I have many publications, including books and book chapters in this area. I was a co-editor of a monograph, produced in collaboration with the World Health Organization, which integrates policy and research efforts of nurses in response to the United Nation’s Summit on Non-Communicable Diseases (NCDs), the second ever UN meeting focused on a public health issue. The monograph addresses policy implications that support nurses’ ability to address NCDs in clinical practice, and it provides direction for spearheading and monitoring changes in practice.
What has been the most memorable experience of your Nursing Career?
There are so many. I will list the top three. I think that the ultimate experience which continues to be ongoing is my work my colleague, Dr. Stella Bialous, Associate Professor at UCSF, on the Tobacco Free Nurses initiative which began in 2003 www.tobaccofreenurses.org
Also right up there was the opportunity to analyze data from the Nurses’ Health Study, the largest prospective study of factors influencing women’s health. Going to Harvard was very exciting and our study revealed the extraordinary impact of smoking on female nurses’ survival and quality of life.
Lastly, I would include my opportunity to lead UCLA’s efforts to implement a tobacco-free policy on campus http://healthy.ucla.edu/pod/breathe_well This policy impacted over 37,000 people and I was very excited that as a nurse, I was able to educate my UCLA colleagues about the health dangers about tobacco use as well as the benefits of quitting.
What is the greatest difference between the clinical and administrative side of nursing? How was that transition for you?
In academics, my focus is on preparing new nurses to be caring and competent. The rewards come from students achieving their goals as compared to patients. As an administrator, my focus is on promoting and supporting my faculty rather than my own scholarship. I have many competing priorities but the students and faculty come first.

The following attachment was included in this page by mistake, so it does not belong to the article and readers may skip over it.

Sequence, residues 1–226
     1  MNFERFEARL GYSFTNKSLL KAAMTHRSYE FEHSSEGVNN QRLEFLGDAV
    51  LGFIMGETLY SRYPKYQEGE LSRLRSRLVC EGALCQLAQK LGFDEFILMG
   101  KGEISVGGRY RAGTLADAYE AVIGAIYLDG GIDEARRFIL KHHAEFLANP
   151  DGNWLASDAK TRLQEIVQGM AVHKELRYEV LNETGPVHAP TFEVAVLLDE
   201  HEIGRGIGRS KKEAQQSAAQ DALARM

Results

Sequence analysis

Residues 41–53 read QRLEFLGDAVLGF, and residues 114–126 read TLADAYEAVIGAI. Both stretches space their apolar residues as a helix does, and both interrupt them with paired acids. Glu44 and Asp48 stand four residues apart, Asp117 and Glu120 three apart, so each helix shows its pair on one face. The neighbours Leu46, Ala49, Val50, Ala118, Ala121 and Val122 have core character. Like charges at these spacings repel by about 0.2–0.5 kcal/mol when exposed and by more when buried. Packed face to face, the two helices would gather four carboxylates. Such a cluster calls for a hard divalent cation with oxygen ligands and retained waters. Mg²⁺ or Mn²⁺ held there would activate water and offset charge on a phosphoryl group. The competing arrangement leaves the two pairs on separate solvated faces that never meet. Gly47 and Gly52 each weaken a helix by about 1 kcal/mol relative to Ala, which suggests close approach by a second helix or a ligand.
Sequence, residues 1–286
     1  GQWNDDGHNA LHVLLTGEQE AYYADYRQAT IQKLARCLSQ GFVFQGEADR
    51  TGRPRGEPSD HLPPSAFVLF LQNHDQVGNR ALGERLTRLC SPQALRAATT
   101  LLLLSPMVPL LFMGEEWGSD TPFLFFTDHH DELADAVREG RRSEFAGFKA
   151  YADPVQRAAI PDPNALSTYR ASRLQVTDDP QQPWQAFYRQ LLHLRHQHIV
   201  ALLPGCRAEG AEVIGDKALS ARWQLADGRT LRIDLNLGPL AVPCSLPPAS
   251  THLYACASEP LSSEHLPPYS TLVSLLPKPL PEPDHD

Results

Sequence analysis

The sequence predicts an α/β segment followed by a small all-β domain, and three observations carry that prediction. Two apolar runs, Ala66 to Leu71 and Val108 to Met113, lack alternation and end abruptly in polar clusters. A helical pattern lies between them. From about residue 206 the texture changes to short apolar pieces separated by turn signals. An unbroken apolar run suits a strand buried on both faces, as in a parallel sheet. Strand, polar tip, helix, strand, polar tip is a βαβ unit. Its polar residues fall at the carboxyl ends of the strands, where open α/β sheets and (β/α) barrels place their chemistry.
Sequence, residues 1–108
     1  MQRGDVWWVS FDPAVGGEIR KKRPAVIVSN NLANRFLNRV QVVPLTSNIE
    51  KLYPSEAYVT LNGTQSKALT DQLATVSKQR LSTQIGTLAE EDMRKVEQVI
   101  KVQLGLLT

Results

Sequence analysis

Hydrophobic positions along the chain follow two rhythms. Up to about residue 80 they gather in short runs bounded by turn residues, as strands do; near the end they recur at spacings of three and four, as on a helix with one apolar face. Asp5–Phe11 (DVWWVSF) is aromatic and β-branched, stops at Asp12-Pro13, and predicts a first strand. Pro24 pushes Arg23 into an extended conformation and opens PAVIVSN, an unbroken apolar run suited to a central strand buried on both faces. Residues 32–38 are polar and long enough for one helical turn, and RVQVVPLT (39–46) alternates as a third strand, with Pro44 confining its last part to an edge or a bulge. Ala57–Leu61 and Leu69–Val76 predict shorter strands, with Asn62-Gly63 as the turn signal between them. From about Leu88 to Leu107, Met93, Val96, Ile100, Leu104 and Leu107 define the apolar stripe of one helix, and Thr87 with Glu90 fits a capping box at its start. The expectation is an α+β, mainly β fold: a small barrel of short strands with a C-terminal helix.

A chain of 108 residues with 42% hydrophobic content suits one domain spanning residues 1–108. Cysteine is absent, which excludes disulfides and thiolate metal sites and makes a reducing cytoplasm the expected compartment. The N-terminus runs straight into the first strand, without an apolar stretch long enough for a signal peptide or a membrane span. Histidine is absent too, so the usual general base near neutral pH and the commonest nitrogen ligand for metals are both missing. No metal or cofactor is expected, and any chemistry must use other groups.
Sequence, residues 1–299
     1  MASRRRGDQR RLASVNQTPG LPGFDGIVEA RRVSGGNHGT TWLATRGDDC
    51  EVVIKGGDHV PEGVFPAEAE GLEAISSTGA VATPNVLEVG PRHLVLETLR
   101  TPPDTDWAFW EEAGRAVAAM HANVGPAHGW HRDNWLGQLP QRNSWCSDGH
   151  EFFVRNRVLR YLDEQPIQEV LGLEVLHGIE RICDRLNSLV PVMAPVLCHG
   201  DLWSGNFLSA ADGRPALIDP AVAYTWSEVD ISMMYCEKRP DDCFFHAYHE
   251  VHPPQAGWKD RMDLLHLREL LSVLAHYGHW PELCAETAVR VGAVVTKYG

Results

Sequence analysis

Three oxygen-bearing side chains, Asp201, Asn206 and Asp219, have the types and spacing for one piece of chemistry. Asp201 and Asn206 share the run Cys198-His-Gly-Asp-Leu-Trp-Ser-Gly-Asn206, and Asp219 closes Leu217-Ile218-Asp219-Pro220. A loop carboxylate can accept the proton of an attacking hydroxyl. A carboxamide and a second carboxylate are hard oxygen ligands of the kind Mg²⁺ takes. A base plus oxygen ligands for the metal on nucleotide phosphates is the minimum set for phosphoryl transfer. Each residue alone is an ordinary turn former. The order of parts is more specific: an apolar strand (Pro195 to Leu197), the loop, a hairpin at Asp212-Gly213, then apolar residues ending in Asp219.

What are two or three Changes would you like to see in how Nurses are trained today?
Every nurse should receive adequate education during their nursing program so that they will feel confident and comfortable in helping patients quit smoking and in reducing exposure to secondhand smoke. This should be part of basic nursing education but we found that many nurses as well as graduates in other professions are not adequately prepared.
Every School of Nursing should address the health behaviors of student nurses, especially smoking. Healthcare professionals who smoke are less likely to intervene with smokers. I don’t want to lose any more nurses to tobacco-related illness so it is imperative that we support student nurses’ quit efforts.
Every nurse will receive their education on a tobacco-free campus. This policy will denormalize tobacco use making it easier for smokers to quit and preventing uptake by the next generations. Nurse educators are in a perfect position to lead this effort.
What advice do you give for students thinking about pursuing a career in nursing?
Nursing is such a diverse and fabulous career with multiple clinical settings and opportunities to specialize. If you do specialize, pick a field that you love and join a nursing organization in that area. For me, oncology nursing and the Oncology Nursing Society has provided so may opportunities to be involved in meaningful work with wonderful people in a variety of disciplines. I would definitely encourage any person entering nursing to seriously consider going on with their education and become an academic. We desperately need PhD prepared faculty to educate future nurses.